Molly Galloway, the sleek heroine and narrator of this debut novel by the widely recognized editor and co-founder of Sister Vernon Press, is a horticulturist, living in Toronto, having arrived from Jamaica in 1971. Makeda Silvera's elegiac story about the disruption of emigrant families and the durability of childhood memories is sure to garner her attention as a writer first and foremost.
Molly, father unknown, born to 15-year-old Glory, begins her narrative by recounting the reading of her grandmother's (Mama's) will. The bulk of the family have returned to their ancestral homeland only to find they have been disinherited, the estate bequeathed to Vittorio the ne'er-do well Canadian-born grandson. To say that the story that follows is about dysfunction in families Jamaican style is an understatement. Mama's son Mikey states, "Mama is a wicked revengeful Šoman. How she could do dis? Wherever she gone, she won't find peace." Molly takes up the challenge of understanding her grandmother's ways, hoping that by remembering and piecing together the fragments of her family's past, redemption, resolution and peace will follow. Molly's love for mama is deep. She remembers learning to swim: "I was afraid of the waves carrying me back out with them. You held me, steadied me so I could float till I wasn't afraid anymore."
Unlike Dionne Brand, who writes about the plight of West Indians mainly from a historical perspective, with a view to assigning blame, Silvera concentrates on assessing familiar familial patterns¨children having children, unknown and uncaring fathers, mothers abandoning children¨and the negative social and cultural impact of these patterns on successive generations. She carves her own niche. Although Rachel Manley wrote about family in her saga, we caught a glimpse of upper-class life in Jamaica. Silvera may pose similar questions about love and honour, but here we encounter the middle class masses, and depending on the day their glass is both half-full and empty.
Mama, a single mother to her own four children, in time becomes responsible for her grandchildren and great-grandchildren, including Molly's daughter Ciboney. As a portrait of Jamaican culture, the author's scathing analysis of the lost generations¨the children who are brought up by someone other than their biological parents¨gives shape to the various ills that this form of child-rearing can effect. For example, single mothers emigrate to the west to work and send money home, while the children left to their own devices, grow to repeat the mistakes of their parents.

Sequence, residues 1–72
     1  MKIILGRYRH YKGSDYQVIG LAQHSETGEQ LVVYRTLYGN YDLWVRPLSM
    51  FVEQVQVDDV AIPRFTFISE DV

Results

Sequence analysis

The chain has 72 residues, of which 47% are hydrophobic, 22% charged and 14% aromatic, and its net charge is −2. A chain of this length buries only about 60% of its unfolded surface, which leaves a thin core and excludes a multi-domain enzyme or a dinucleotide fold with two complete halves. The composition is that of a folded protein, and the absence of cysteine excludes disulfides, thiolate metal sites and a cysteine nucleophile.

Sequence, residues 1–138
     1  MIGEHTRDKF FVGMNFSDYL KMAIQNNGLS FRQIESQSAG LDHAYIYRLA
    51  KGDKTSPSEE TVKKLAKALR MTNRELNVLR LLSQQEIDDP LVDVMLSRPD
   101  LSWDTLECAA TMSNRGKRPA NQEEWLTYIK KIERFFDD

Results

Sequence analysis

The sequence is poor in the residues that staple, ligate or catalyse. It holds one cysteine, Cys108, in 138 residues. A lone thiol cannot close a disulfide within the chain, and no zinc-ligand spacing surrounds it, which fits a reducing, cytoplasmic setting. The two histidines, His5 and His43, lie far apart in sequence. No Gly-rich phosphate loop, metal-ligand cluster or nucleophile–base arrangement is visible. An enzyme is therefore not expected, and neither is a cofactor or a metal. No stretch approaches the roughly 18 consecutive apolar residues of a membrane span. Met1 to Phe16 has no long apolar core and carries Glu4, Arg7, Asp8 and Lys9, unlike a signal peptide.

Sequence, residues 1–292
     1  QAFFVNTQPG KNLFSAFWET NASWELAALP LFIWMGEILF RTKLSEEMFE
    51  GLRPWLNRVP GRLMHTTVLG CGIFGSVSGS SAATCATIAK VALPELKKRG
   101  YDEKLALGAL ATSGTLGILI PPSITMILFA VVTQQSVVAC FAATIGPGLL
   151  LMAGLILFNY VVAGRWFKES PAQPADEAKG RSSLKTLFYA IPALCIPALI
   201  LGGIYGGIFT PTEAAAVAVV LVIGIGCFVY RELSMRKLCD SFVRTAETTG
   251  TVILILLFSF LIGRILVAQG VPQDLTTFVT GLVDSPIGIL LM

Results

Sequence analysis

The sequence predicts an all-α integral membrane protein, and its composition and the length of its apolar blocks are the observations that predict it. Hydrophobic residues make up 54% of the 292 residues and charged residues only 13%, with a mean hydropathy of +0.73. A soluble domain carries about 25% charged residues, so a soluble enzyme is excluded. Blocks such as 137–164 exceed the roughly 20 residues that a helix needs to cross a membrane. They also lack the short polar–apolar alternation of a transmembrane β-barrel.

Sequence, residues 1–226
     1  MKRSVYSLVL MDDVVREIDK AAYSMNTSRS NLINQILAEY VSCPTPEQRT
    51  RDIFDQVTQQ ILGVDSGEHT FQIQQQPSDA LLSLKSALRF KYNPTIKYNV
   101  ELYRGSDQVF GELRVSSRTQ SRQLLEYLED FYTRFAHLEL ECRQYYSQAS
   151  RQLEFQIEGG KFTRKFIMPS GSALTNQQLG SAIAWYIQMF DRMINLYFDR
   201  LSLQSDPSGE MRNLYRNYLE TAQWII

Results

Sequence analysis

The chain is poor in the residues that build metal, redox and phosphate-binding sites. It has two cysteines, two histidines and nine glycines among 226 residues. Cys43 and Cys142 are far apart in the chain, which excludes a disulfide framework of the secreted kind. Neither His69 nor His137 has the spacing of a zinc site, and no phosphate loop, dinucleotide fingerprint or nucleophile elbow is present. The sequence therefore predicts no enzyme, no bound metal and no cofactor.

Mama's ferocious, protective pride in her granddaughter yields transparently heartbreaking and tender moments. Silvera lovingly portrays the matriarch who endures the cards dealt to her. The strength and courage that she displays throughout her life moulds her granddaughter's character. In the prime of her life Mama valiantly tries to hold home and hearth together. Despite numerous reasons for strife and unhappiness¨the growing frequency of her drinking binges, dissatisfaction with son Mikey's homosexual life style, the abrupt ending of the love affair with Myers the landscape gardener¨she perseveres, manages her catering business, and educates Molly. What finally breaks the spirit of this generous and indomitable character is the return of her abusive husband. She moves to start a new life in Toronto and reconciles with her daughter Glory and sons Freddie and Peppie.
How does an independent free-spirited woman take to the confines of a cold-weather society? How does a fourteen-year-old learn to love and replace the beloved maternal figure in her life with the real mother she had never known? While the plot line suggests a simple story of love and reconciliation, the novel turns out to be anything but that. Silvera skillfully weaves her story of the generations of Galloways; using the minutiae of experience, she brings life to their existence both in Jamaica and Canada. Here we find the eccentric, disgruntled misfits¨the wife-abusing son who sires and conveniently forgets his children, Glory who at thirty finds her fully-endowed daughter an embarrassment, and perceives her to be a rival for her husband Sid's affections. Mama's need to dominate her children's lives and create havoc in her son's marriage lends additional spark to the plot.
The Heart Does Not Bend is a rich, complex family saga. Silvera reflects on the cruelty and unforgiving homophobia underlying her culture. Much to Mama's chagrin, her beloved granddaughter Molly becomes romantically involved with a woman. Mama refuses to accept the relationship and is as adamantly disapproving as she had previously been of her son Mikey's unconventional lifestyle. In Silvera's skillful hands, Molly's attempt, devoid of self-pity, to chart a course between duty and her own desires is convincing. The grandmother-granddaughter symbiosis is at once beautiful and heartbreaking, for although Molly is resourceful and determined, her inability to choose between her own happiness and her disapproving grandmother wreaks havoc in her life. The price of love, Silvera seems to be suggesting, is sometimes too high
Mama's hostility towards this form of love is incomprehensible because the women in this book right down to Miss Gatty, a maid hired to clean mama's home, are resourceful and energetic. By contrast, the men tend to be, if not alcoholic and abusive, useless at best. In this way, Silvera makes a case for celebrating female love.
Silvera's delineation of loss and alienation, and the precision of her insights are truly commendable. And beyond the content, there is power and beauty in her writing. She has a firm grip on the language¨the oral tradition and patois of Jamaica are effectively intertwined with formal Standard English. This engrossing story reads with a poignant intensity, as it tells of the dilemmas and the universal struggle of coping with the choices the heart makes. ˛